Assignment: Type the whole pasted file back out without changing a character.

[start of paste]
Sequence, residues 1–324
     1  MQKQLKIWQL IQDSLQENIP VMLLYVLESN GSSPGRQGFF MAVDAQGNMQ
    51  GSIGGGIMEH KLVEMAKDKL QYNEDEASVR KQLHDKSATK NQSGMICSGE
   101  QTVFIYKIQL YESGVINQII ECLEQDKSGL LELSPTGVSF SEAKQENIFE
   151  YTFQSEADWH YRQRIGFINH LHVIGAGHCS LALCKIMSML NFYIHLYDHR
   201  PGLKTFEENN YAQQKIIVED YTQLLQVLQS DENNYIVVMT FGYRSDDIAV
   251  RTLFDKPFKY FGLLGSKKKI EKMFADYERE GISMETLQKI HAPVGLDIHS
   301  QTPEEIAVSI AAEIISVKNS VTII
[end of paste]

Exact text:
Sequence, residues 1–324
     1  MQKQLKIWQL IQDSLQENIP VMLLYVLESN GSSPGRQGFF MAVDAQGNMQ
    51  GSIGGGIMEH KLVEMAKDKL QYNEDEASVR KQLHDKSATK NQSGMICSGE
   101  QTVFIYKIQL YESGVINQII ECLEQDKSGL LELSPTGVSF SEAKQENIFE
   151  YTFQSEADWH YRQRIGFINH LHVIGAGHCS LALCKIMSML NFYIHLYDHR
   201  PGLKTFEENN YAQQKIIVED YTQLLQVLQS DENNYIVVMT FGYRSDDIAV
   251  RTLFDKPFKY FGLLGSKKKI EKMFADYERE GISMETLQKI HAPVGLDIHS
   301  QTPEEIAVSI AAEIISVKNS VTII